As we look back and remember the lives lost, I highly recommend you take a little bit of time to read the following article by Tom Gregory, on emotions and the embodied experience of war. It’s a thoughtful reflection on the use of body counts and their political effects: ‘When dealing only with numbers, we tend to lose sight of the bodies that are left broken by the machinery of war, along with the individuals who are busy living and dying on the battlefield’.
In the piece, he cites the account of an American nurse who served in France:
‘Much ugliness is churned up in the wake of mighty, moving forces, and this is the backwash of war. Many little lives foam up in this backwash, loosened by the sweeping current, and detached from their environment. One catches a glimpse of them – often weak, hideous or repellent. There can be no war without this backwash’.
You may also wish to read the following (old) piece, on the need to remember those – often shell-shocked and under-aged – who were shot for desertion.
For more information on Combat Stress, click here.
The statement is ‘the highest-level acknowledgement yet of the enormous challenges China faces’, directly recognising the seriousness of the issue. The language is reminiscent of securitization theory’s suggestion that when issues are declared issues of security and supreme priority, they can be dealt with differently – allocating extra funds and enabling emergency measures. It suggests the government is taking pollution seriously, and it will be interesting to see how far the it will take this – the Airpocalypse will likely remain a popular topic in Chinese media, and with rising numbers of environmental protests it will be difficult for the government to shirk responsibilities. The biggest obstacle, however, remains economic development. It is widely seen as the cause of China’s pollution problems, but Li’s speech also reiterated a commitment to keeping economic growth at 7.5% and it is difficult to see how this will enable a serious improvement in pollution levels. Ai Nanshan, from Sichuan University noted that “you can not get a beautiful GDP figure at the cost of environment”. This is clearly a puzzle the government has yet to solve.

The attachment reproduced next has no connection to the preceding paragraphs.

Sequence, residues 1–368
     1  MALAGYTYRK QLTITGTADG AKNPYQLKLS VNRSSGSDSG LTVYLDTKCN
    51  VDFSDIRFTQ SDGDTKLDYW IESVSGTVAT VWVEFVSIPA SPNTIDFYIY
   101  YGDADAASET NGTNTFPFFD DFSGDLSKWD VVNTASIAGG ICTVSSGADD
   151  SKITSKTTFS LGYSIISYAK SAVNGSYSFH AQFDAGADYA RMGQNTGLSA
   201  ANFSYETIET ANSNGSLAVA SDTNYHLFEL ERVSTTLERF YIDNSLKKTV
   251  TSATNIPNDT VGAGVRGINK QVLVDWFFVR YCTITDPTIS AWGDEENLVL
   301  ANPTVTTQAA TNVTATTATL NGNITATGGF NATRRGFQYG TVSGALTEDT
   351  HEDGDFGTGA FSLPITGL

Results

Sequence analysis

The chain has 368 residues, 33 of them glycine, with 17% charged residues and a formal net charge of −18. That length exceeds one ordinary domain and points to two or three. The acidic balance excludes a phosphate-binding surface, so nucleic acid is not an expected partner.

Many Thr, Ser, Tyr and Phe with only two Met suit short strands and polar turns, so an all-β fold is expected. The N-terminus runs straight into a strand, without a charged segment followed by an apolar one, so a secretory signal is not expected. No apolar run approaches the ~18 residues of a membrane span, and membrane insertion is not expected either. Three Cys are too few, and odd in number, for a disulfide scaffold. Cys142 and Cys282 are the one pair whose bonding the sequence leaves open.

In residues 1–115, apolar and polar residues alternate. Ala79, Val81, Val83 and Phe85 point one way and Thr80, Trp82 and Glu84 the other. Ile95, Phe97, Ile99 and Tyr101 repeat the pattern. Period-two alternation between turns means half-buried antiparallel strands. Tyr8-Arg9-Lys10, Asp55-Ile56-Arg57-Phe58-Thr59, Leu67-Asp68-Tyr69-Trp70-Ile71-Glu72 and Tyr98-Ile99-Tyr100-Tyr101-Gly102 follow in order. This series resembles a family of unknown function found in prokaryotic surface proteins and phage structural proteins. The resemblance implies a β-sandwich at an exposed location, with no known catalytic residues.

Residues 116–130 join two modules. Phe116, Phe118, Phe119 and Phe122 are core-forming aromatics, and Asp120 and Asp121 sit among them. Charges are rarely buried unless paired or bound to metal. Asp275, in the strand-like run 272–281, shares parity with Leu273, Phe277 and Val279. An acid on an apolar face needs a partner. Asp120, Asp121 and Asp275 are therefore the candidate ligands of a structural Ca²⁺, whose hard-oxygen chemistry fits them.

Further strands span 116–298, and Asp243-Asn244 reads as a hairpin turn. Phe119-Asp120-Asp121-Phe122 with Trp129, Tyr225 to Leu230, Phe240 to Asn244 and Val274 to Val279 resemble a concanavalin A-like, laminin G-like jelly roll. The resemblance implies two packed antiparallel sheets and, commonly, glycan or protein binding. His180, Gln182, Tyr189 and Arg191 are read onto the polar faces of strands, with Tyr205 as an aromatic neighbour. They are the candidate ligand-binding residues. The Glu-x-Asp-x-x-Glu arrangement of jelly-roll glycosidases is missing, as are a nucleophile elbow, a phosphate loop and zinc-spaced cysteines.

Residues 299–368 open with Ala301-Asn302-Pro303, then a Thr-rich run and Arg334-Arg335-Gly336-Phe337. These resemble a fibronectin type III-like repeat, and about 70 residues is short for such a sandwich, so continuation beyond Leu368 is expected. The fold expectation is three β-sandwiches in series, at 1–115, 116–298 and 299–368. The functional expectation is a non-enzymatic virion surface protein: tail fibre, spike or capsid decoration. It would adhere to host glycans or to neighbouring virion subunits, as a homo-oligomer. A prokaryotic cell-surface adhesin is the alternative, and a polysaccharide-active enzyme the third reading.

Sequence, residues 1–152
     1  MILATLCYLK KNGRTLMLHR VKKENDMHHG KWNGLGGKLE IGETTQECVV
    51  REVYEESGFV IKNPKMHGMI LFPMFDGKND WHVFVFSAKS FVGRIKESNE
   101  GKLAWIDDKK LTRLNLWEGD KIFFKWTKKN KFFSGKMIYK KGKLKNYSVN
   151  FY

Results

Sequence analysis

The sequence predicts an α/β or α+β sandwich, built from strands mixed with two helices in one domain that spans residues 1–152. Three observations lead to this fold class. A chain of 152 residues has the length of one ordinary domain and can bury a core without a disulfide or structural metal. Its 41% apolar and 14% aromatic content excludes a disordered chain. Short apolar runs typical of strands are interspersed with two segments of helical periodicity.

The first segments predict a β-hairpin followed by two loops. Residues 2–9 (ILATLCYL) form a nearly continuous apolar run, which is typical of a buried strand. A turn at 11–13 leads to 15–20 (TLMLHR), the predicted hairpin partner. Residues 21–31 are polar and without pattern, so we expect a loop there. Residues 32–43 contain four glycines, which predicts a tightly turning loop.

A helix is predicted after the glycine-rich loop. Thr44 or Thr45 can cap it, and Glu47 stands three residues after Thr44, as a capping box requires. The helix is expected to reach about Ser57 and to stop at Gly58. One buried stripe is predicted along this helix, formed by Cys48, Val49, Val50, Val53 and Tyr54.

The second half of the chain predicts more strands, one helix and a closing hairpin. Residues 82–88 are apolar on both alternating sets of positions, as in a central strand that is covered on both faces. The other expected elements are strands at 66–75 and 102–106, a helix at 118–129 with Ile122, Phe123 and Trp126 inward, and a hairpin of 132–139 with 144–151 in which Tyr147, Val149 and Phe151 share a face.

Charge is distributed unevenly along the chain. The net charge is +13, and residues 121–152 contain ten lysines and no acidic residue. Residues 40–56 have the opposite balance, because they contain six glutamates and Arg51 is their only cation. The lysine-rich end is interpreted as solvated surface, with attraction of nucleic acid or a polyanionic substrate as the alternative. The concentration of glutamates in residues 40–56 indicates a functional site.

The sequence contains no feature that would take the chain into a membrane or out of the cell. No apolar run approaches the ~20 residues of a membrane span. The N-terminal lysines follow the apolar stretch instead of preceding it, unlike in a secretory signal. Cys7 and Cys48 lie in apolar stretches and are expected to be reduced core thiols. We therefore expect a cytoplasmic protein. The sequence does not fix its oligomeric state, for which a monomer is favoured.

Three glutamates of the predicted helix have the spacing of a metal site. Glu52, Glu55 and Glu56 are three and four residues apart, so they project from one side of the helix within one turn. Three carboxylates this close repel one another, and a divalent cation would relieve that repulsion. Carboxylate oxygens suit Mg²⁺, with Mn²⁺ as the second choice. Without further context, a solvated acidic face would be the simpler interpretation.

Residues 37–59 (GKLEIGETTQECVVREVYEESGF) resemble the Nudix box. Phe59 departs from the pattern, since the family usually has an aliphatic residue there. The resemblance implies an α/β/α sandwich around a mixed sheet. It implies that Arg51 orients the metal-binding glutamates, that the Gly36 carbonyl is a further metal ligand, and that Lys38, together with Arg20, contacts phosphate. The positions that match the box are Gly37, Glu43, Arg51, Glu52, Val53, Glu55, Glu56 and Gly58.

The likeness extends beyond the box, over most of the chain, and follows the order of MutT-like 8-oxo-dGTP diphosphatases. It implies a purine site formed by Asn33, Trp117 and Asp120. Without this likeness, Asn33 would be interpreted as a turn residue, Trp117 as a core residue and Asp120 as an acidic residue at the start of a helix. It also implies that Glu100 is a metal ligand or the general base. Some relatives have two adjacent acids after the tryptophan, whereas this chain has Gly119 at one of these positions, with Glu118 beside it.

The horrific figures of death and human suffering in Syria are bewildering. Over 2 million people have been forced to flee the country as refugees, over 6.5 million people are internally displaced and over 100,000 people have been killed as the civil war rages on.
It’s hard to really imagine such destruction, and several satellite images by Human Rights Watch highlight how whole neighbourhoods have been obliterated.
This is the Mezzeh area, Damascus. You can see extensive demolition of dozens of high-rise residential and commercial buildings along the main road between Mezzeh Air Base and the neighborhood of Daraya.
This is the Masha’ al-Arb’een neighbourhood, Hama.